I love this time of year. Fall is at its crisp and colorful peak. Thanksgiving is steps away and Christmas is just around the corner. Thanksgiving in particular is a favorite due to the warmth of my family get togethers. It brings back memories of my grandmothers and so many good feelings. A big part of my holiday for the past 16 years or so has been the Thanksgiving Day Parade. Since Jackie was about 2, and year after year with the arrivals of Samantha, and Joelle, and along with a litany of family and friends, I have attended the Thanksgiving Day Parade. Not on some corner packed into a crowd 17 rows deep but instead with prime reserved seating on Columbus Circle, or on Central Park West and even a few times at the Macy’s Grandstand.
This made for dozens of moments that dreams were made of in the eyes of each of my girls as they grew up at the parade watching their favorite cartoon character floats or teen idol of the moment pass by in front of their eyes. We have seen them all from Barney, Hilary Duff, Miranda Cosgrove, the Cheetah Girls, Miley Cyrus, the Jonas Brothers, Santa Claus and dozens of others. There is just one word to explain how a guy like me get such treatment. Bernie.
My friend Bernie started out as my boss Bernie about 24 years ago. He was tough and gruff but we hit it off and he soon became an Uncle Bernie to me. Along the way when I needed a favor, or someone in my family needed a favor he was my go to guy. He didn’t just seem to know everybody in the world, he did know everybody in the world. Uncle Benny needs a job in security, Uncle Bernie gets him a job in security, Grandpa Al needs a transfer to a kinder gentler OTB, Uncle Bernie gets him the transfer. Joey needs an engagement ring for Debbie, Uncle Bernie has me sitting with his own diamond importer. We were so close that when I got married Bernie was part of the trifecta that performed my ceremony, (along with a Judge and Rabbi) offering his own brand of spiritual well wishes. When the Jackie and Samantha and Joelle dropped in Bernie helped out with their blessings and even their Hebrew names. He was all over my life.
One early fall day when Jackie was about two Bernie called me up and said I have a few tickets for you and your daughter for the Thanksgiving Day Parade. I thanked him but told him I had no desire to stand on a corner with 10,000 people and my two year old in the cold trying to see a float. He said “Joey, would I put you and your daughter on a corner? I have reserved seats for you on Columbus Circle.” He then went on to describe taking his kids to the parade as they were growing up, sitting in these great seats and getting hot chocolate and cookies for the kids as part of the whole deal. It sounded too good to be true, but suddenly I was game. So there I was on Thanksgiving morning, along with Jackie and my Dad, all of us bundled to top. I remember it being about 28 degrees. True to his word the seats were great, the hot chocolate and cookies were great, Jackie was wide eyed, and I was sharing a moment with Dad and my daughter that still seems like only yesterday. From that Thanksgiving on, Bernie, my Jewish Santa Claus, ushered in the holiday season for me and my family every Thanksgiving with tickets for the parade. I never had to ask, they became my rites of fall. As Samantha and then Joelle came along the tradition continued every year for me and my girls, and most thankfully my Dad. Growing up my Dad had always gone out of his way to do everything for me, and there seemed to be a poetic justice to have him there we me as I shared these memorable moments with my kids.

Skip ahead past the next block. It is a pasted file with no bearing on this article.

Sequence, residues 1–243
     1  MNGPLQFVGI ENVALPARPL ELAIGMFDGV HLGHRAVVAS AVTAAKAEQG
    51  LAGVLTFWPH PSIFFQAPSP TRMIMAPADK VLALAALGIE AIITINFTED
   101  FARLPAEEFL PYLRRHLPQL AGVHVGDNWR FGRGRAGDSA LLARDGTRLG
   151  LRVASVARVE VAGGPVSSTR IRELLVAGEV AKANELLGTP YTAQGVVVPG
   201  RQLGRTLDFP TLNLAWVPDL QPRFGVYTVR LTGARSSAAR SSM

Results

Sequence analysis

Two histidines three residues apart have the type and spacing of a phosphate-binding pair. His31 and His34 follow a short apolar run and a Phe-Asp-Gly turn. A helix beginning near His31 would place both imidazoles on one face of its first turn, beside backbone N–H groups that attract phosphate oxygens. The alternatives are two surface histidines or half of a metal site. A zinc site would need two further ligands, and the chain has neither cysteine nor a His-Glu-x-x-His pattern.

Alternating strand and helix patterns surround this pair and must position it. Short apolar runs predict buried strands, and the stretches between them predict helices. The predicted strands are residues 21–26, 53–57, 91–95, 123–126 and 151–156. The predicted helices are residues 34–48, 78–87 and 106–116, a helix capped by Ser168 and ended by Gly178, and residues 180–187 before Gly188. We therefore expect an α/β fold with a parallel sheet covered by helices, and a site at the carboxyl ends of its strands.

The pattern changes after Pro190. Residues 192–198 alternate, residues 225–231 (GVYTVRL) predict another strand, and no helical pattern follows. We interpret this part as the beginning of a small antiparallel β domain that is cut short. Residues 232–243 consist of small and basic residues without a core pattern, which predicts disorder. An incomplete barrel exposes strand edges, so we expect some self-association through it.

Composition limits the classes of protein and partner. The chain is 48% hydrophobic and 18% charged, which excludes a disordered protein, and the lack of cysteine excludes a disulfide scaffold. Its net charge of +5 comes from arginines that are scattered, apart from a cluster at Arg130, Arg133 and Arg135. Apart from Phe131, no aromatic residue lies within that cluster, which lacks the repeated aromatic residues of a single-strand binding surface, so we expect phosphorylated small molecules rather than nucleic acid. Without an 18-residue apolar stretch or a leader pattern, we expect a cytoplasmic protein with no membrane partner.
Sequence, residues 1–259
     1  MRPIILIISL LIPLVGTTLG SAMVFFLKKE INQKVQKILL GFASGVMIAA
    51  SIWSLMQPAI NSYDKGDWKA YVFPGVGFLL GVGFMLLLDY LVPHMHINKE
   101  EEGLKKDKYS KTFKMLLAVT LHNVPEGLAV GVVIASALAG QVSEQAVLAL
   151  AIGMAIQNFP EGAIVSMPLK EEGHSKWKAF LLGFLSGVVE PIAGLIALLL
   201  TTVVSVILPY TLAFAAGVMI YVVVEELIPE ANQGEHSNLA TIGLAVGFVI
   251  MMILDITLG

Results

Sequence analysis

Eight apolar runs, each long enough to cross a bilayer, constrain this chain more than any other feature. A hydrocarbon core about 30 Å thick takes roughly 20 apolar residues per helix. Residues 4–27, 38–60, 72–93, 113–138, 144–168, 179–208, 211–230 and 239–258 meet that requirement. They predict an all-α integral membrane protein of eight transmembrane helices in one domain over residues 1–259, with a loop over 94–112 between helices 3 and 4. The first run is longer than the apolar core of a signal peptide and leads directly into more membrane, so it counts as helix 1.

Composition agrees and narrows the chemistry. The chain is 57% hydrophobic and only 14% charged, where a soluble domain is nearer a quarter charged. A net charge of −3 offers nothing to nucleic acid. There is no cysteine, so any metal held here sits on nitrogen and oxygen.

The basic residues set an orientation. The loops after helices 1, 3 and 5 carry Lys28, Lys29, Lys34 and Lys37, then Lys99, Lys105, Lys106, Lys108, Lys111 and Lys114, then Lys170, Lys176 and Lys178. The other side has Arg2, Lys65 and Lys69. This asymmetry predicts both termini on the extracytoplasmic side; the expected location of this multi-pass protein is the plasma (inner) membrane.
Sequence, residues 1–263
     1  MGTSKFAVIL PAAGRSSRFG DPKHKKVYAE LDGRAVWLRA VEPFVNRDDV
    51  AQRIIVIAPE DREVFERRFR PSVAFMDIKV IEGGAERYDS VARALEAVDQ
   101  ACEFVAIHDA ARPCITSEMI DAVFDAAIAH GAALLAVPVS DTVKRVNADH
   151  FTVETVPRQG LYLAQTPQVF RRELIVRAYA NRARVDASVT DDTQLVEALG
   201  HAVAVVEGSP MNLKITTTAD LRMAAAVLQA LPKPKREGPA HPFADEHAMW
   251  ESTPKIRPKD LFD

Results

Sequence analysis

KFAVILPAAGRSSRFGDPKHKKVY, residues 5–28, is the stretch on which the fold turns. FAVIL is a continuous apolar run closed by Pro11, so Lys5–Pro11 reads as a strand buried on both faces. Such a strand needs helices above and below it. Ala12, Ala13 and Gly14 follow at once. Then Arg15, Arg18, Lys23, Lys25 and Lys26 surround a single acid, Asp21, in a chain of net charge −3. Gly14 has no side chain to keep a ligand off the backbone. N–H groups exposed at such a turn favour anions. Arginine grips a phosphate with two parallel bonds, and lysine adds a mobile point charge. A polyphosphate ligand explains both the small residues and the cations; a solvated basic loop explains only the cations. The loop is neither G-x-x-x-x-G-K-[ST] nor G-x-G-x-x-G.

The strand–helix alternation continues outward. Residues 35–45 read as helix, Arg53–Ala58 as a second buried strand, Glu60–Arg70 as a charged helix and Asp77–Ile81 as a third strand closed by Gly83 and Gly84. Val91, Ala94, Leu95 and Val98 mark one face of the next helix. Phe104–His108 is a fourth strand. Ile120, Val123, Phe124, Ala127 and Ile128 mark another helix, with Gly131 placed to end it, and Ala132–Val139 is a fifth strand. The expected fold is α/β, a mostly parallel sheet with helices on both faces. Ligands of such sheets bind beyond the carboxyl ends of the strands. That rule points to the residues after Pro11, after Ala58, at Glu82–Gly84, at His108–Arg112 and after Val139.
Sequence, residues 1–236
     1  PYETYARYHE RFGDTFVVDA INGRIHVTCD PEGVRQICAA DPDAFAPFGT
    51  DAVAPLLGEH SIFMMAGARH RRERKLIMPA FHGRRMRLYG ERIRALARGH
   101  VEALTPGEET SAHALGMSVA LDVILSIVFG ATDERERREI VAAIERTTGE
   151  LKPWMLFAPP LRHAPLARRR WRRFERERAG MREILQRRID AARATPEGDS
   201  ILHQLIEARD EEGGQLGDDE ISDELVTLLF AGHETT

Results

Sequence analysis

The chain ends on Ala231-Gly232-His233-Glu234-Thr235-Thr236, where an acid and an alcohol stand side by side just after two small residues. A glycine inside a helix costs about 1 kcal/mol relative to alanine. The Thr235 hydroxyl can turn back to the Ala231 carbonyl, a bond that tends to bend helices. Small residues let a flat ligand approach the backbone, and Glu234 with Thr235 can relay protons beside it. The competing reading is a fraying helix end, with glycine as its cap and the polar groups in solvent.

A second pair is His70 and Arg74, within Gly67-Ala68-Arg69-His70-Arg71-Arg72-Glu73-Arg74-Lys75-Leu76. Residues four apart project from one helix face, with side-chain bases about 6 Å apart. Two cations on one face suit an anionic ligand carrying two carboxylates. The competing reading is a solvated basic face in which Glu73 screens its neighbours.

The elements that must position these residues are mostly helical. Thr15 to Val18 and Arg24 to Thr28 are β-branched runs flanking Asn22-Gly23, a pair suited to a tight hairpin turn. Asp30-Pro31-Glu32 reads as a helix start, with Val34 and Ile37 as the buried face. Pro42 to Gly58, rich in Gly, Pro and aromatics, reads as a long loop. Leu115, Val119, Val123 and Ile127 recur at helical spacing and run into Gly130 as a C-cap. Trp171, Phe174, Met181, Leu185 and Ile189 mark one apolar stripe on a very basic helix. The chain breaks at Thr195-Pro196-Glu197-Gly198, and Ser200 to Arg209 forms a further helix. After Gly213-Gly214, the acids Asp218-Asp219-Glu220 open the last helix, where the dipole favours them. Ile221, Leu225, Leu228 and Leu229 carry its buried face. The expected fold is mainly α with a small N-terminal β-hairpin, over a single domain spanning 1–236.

As the years went by Bernie would sometimes get me up to eight tickets a year allowing me to share the experience with numerous members of my family and friends. This guy made me such a big shot and I think he knew that and enjoyed that. Even as professionally we went different ways, we remained close and the tickets always came as the calendar greeted November.
A couple of years ago Bernie got sick. I hadn’t heard from him for awhile so I paid him a visit at his apartment. He told me he had lung cancer, and I cried. He battled and never complained and thankfully life with Bernie went on. Then last summer things seemed to take a turn for the worse, and he was hospitalized for a stretch. Less than a week before the parade my phone rang at home, I picked it up and a rasped voiced Bernie was on the line “Joey your tickets are at the armory, make sure you pick them up before tomorrow night” I was speechless. I thanked him of course, picked up 10 tickets for the parade, and shared another great day with my girls, some friends, and my cousin. I remember calling Bernie from the parade and having everyone express their thanks to him over the speakerphone. As always he took it in stride, like it wasn’t a big deal.
It was a big deal. It was always a big deal.
A couple of months later my friend Bernie, the Jewish Santa Claus died, and for me things still aren’t quite the same. I think of him often, and with Thanksgiving and the holiday season in the headlights, I think of him more than often. When this time of year came around I know he loved to make me a big shot with my girls. My joy and their joy was his joy. He was a remarkable guy, with a lot of pull who knew everyone. I think it is more than a coincidence that his beloved Giants won the World Series as soon as Bernie made it to heaven, It clearly took him just a few months to make the right connections. I miss him, and he will always be a wonderful part of Thanksgiving memories for me even though we never spent a Thanksgiving together. You know what, knowing Bernie I wouldn’t be surprised if tickets to the parade showed tomorrow in my mailbox.